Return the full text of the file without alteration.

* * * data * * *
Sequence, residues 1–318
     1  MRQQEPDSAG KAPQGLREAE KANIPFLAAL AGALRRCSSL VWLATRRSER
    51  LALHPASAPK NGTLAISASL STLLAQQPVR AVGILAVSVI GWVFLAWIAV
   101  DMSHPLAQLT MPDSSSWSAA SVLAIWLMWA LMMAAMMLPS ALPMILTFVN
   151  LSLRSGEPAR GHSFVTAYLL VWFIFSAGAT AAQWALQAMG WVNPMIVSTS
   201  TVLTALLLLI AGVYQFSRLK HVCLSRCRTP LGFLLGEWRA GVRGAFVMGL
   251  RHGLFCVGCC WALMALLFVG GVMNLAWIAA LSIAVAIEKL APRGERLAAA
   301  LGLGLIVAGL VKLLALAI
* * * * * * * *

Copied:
Sequence, residues 1–318
     1  MRQQEPDSAG KAPQGLREAE KANIPFLAAL AGALRRCSSL VWLATRRSER
    51  LALHPASAPK NGTLAISASL STLLAQQPVR AVGILAVSVI GWVFLAWIAV
   101  DMSHPLAQLT MPDSSSWSAA SVLAIWLMWA LMMAAMMLPS ALPMILTFVN
   151  LSLRSGEPAR GHSFVTAYLL VWFIFSAGAT AAQWALQAMG WVNPMIVSTS
   201  TVLTALLLLI AGVYQFSRLK HVCLSRCRTP LGFLLGEWRA GVRGAFVMGL
   251  RHGLFCVGCC WALMALLFVG GVMNLAWIAA LSIAVAIEKL APRGERLAAA
   301  LGLGLIVAGL VKLLALAI